But it can also work in my favor.  When I insist that I know which way to go, my husband and son listen.  They know that I don’t speak up unless I am certain. After all, I’m well aware of my reputation.

The good thing about my ability to get lost is that it doesn’t really faze me anymore.  I don’t know where I am?  No big deal.  I’ll figure it out eventually.

Maybe that’s part of the reason that I’m so willing to try new things.  While various of my friends are looking for a pattern to make a cute felt ornament we saw, I’ve figured out what needs to be done and a logical order for the steps.

Does my way always work?  No.  But I learn something from each failed attempt.  And eventually I’ll figure it out.

–SueBE

What if the universe — God included — is like a book: a really weighty one, like War and Peace? I’d like to think each of us is born with a scrap of this book in our soul, just a word or two, really, though the best of us (saints, for instance) probably get a whole paragraph. Our job in this lifetime, as I see it, is to seek out each other’s words and gather them together as best we can into some semblance of the Truth.

Nobody has all the answers. Not even the Bible, which is full of concepts and words that don’t translate neatly (or at all) into English. Ask two people to translate The Lord’s Prayer from its original Aramaic, and you will get two different prayers. It begins with the word “Abwoon,” which can be translated to mean “father” (though the root word is actually genderless) or “parent” or “divine breath” or “birther of all things.” Or any one of a dozen other things.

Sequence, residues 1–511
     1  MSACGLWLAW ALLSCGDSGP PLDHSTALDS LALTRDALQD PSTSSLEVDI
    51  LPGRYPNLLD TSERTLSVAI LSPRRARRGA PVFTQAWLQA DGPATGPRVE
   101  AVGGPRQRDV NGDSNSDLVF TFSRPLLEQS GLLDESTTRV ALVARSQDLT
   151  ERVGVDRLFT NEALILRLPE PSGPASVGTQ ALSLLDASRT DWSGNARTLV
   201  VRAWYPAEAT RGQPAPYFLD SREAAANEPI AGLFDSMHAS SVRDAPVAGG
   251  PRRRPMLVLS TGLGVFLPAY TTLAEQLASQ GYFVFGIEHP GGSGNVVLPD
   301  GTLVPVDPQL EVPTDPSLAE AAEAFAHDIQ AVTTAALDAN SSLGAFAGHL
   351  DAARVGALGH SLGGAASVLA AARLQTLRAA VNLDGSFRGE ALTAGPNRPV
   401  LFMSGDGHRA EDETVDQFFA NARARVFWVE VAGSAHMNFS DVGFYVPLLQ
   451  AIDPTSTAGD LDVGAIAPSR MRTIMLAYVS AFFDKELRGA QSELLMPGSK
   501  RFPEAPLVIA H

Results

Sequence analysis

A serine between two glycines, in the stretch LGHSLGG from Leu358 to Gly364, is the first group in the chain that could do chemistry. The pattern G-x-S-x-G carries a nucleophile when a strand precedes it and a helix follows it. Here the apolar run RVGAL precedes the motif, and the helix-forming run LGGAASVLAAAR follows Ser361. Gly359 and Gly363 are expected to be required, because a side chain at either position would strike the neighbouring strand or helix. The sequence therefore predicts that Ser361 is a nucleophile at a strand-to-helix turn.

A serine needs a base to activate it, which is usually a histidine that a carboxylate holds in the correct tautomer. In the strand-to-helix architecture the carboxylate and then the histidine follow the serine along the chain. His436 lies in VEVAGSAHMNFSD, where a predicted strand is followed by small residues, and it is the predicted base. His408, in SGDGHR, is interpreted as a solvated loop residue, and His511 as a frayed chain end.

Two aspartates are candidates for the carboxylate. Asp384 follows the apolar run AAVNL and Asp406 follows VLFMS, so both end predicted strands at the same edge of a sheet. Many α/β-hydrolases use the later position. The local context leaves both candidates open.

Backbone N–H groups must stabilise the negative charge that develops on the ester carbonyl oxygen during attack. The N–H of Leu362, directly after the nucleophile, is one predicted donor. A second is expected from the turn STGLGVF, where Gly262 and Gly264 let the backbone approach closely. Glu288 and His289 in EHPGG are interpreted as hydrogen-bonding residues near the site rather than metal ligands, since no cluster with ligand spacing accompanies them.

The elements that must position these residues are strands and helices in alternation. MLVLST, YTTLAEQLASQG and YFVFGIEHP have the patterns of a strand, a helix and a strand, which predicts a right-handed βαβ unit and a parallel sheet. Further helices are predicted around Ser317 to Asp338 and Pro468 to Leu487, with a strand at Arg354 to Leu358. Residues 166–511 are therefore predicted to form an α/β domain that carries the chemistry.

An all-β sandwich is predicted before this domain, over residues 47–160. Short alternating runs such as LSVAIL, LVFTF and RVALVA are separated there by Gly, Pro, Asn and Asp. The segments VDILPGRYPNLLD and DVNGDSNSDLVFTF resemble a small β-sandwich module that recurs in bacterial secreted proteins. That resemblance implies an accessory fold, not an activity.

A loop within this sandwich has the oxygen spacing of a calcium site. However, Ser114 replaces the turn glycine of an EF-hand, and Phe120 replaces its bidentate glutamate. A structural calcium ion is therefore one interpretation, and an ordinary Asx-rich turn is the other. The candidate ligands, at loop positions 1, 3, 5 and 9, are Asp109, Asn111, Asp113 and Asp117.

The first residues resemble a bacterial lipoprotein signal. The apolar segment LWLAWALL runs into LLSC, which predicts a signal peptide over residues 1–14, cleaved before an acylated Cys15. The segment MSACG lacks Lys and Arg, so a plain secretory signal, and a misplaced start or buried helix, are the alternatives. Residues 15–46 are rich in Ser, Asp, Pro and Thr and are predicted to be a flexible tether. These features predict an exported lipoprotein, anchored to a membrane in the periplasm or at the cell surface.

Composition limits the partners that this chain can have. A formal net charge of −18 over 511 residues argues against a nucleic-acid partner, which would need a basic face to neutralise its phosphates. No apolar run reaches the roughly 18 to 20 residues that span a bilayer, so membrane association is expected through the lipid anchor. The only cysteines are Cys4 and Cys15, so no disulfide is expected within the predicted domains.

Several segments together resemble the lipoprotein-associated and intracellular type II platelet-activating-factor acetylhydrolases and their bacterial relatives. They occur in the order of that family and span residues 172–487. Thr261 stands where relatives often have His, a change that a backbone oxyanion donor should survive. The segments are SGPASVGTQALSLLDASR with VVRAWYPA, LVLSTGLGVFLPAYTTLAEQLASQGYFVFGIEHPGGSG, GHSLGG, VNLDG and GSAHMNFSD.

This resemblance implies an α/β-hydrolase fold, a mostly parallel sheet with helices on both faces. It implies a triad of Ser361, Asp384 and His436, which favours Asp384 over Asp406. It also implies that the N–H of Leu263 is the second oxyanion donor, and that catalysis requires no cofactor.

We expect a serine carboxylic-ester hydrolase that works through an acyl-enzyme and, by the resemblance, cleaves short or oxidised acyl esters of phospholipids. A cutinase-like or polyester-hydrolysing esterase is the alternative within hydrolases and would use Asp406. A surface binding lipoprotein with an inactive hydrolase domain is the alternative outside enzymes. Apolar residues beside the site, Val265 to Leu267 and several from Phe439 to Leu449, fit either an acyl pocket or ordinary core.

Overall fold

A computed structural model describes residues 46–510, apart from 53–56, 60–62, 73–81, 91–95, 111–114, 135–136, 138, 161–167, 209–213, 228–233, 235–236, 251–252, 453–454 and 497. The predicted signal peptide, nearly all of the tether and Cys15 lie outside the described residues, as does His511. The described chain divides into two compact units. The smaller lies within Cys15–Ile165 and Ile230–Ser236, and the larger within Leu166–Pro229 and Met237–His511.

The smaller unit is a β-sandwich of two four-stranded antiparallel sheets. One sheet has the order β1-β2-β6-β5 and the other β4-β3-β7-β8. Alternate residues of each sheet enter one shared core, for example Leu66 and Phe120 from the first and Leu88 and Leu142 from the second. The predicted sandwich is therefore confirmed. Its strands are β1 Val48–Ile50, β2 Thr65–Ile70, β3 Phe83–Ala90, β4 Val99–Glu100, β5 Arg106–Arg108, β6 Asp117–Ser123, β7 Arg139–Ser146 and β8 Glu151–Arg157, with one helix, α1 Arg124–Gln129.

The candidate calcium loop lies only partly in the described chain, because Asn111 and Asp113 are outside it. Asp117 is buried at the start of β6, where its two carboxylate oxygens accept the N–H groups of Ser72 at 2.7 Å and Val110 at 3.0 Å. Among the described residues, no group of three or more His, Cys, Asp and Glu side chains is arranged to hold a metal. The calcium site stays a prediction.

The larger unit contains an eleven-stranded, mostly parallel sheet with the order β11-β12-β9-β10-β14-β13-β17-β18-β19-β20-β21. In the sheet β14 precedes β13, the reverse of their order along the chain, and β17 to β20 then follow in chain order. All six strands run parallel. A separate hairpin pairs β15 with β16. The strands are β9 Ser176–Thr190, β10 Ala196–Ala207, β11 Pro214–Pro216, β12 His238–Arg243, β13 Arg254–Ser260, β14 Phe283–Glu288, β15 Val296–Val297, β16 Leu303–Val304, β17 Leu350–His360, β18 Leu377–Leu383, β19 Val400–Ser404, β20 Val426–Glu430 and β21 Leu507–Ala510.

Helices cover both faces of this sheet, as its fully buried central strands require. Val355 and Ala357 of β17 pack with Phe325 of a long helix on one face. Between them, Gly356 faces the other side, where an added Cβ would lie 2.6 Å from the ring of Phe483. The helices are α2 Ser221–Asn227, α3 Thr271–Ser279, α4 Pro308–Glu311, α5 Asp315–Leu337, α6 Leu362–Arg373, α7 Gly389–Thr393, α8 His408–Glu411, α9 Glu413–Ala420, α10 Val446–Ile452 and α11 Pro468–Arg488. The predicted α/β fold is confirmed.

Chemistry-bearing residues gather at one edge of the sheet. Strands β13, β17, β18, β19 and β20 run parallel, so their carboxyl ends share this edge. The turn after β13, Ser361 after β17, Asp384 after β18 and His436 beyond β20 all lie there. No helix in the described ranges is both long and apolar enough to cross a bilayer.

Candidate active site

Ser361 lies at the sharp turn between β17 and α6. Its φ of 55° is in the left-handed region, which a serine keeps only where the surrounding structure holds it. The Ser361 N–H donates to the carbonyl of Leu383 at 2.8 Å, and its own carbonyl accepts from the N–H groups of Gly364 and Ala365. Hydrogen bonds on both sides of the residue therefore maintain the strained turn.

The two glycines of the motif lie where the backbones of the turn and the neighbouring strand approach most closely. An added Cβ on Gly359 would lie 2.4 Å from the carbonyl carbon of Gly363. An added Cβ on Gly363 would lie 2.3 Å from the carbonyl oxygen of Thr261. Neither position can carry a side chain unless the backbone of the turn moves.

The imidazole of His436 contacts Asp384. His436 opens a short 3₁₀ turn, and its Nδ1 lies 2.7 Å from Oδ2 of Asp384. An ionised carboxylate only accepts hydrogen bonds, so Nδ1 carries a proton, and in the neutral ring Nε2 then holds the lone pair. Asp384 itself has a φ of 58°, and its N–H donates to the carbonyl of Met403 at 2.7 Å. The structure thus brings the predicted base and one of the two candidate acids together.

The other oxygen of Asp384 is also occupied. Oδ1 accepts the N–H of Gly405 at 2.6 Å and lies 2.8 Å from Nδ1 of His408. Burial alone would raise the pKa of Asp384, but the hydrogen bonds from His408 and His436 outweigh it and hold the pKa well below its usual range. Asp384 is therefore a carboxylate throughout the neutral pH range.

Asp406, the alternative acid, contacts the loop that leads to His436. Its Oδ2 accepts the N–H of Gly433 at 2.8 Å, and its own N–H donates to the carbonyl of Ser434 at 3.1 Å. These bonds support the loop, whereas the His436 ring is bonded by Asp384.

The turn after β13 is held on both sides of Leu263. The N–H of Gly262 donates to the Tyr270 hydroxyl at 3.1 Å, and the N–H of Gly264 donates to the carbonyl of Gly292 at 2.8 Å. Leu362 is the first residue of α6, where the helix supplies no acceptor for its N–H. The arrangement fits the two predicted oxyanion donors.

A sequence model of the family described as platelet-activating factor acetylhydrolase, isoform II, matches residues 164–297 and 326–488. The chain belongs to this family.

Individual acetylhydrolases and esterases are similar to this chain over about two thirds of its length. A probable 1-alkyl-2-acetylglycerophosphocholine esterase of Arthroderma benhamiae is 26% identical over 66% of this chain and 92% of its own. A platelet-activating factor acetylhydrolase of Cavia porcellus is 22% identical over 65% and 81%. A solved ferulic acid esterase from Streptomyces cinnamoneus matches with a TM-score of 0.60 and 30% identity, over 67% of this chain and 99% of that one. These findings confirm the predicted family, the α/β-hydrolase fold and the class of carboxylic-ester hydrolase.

Nothing about God is simple. I am content to remain a seeker, a wanderer, picking up words wherever I can and trying to fit them into the puzzle that is God.

Nothing about You can be known.
You slip through our hands like sand,
just when we think that we can hold you.
Even your touchable Son, fully flesh,
escapes our grasp. We humans
like our shapes defined: This, then,
is a square; this is a sphere.
But what is the shape of God?
Avian? Flame? The man on the ceiling
of the Sistine Chapel, the one we
reach for but never touch?
Perhaps we ask too much.
We worry your lock with our
senses, with our brains.